According to information obtained by U.S. interrogators from Khalid Shaikh Mohammed, the September 11 mastermind captured in March 2003, in addition to the World Trade Center and the Pentagon, the targets included CIA and FBI headquarters, unidentified nuclear power plants and the tallest buildings in California and Washington state.

The centerpiece of the plan, Mohammed said, was a tenth plane he would have piloted himself. Rather than crashing it into a target, he said he would have killed every male adult on board and then landed at a U.S. airport, where he would have denounced U.S. policies in the Middle East and then freed the women and children.

The “scale and complexity” of that proposal received a “lukewarm response” from the al Qaeda leadership, commission investigators said, and bin Laden later approved the use of four jets.

The statements also said:

• Since the September 11 attacks and the defeat of the Taliban, al Qaeda’s funding has decreased significantly. The organization also has changed from one with a centralized command, where bin Laden approved all al Qaeda operations, to one that is decentralized, where cell leaders make command decisions.

• The U.S. Capitol and the White House were both considered primary targets in the September 11 attacks. A fourth hijacked plane, which was headed to the District when passengers aboard confronted the hijackers, crashed in a field in Pennsylvania.

• There were “pilot hijackers” and the “muscle hijackers.” Those described as the muscle were assigned to storm the cockpits and control the passengers. Many were unemployed, lacked education and worked out in local gyms. The pilot hijackers booked first-class seats on cross-country flights to observe airline security procedures.

• The September 11 attacks cost between $400,000 and $500,000, which included flight training, living expenses, vehicles, insurance and travel.

• Contrary to popular understanding, bin Laden did not fund al Qaeda through a personal fortune of $300 million inherited from his family, but through a global fund-raising network he created that routes $1 million a year to al Qaeda.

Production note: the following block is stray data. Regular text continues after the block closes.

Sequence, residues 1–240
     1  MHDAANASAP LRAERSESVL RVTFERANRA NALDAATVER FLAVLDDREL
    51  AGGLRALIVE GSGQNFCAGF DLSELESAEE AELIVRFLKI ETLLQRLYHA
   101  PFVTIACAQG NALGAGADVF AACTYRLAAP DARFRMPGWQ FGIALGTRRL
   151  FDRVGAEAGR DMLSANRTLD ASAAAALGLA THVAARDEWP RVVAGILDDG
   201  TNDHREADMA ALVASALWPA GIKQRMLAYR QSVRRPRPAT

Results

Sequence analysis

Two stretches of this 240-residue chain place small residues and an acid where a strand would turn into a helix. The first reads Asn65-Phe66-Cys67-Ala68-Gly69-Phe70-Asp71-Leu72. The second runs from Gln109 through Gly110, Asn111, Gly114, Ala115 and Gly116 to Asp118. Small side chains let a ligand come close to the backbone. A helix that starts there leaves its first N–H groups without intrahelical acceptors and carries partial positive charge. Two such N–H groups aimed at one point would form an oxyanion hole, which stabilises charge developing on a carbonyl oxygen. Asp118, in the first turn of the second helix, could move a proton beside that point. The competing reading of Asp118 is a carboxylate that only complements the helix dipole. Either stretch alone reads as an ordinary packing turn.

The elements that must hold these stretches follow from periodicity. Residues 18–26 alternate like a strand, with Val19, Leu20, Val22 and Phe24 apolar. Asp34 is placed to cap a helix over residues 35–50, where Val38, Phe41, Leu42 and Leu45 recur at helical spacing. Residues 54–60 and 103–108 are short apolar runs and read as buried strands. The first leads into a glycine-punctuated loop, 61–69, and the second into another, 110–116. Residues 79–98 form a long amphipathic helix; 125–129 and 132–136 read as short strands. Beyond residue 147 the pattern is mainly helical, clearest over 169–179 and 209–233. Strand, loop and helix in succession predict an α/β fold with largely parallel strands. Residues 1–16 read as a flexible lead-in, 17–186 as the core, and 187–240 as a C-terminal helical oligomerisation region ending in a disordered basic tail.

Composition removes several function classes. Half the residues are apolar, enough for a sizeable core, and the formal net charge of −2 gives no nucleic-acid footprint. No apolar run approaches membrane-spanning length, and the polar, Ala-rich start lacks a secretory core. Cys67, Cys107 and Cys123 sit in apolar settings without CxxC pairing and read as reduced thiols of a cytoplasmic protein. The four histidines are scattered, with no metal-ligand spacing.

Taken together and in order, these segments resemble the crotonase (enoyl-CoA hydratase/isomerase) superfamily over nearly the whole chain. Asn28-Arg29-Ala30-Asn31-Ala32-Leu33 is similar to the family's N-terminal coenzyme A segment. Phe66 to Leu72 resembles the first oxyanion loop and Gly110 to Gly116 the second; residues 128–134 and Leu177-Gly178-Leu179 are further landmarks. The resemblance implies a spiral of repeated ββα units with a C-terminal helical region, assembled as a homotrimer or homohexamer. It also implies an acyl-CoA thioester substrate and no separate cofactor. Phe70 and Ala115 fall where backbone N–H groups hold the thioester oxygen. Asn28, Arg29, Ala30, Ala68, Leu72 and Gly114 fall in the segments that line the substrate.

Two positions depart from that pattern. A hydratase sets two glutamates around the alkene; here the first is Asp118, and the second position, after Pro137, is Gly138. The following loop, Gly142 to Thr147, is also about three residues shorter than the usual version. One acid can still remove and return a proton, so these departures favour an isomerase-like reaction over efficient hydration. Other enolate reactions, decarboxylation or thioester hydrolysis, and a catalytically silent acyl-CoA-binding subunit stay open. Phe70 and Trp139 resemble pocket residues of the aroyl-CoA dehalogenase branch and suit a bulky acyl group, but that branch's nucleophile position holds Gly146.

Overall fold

• Nine months before an explosives-laden boat damaged the USS Cole anchored in Aden, Yemen, on Oct. 12, 2000, killing 17 sailors, an attempt by al Qaeda to attack a U.S. warship was made in January 2000, aimed at the USS The Sullivans, but failed because the attack boat was overloaded with explosives and sank.

• The quality of the training provided at al Qaeda and other jihadist camps was “apparently quite good,” with emphasis on ideological and religious indoctrination branding the United States and Israel as evil. The camps allowed trainees the freedom to think creatively about ways to commit mass murder.

Much of the Bush administration’s belief that al Qaeda and Iraq are connected centers on Abu Musab Zarqawi, a top al Qaeda leader linked to the Madrid train bombings and the beheading of American Nicholas Berg. Zarqawi, in Iraq since 2002, operated a terrorist camp in northern Iraq that specialized in developing chemical weapons.

According to a Zarqawi letter obtained by U.S. officials, he is determined to ignite a civil war in Iraq between his Muslim sect, the Sunnis, and the majority Shi’ites. The United States believes he is behind suicide bombings that have killed scores of Iraqis in the Shi’ite south.

Bill Gertz contributed to this report.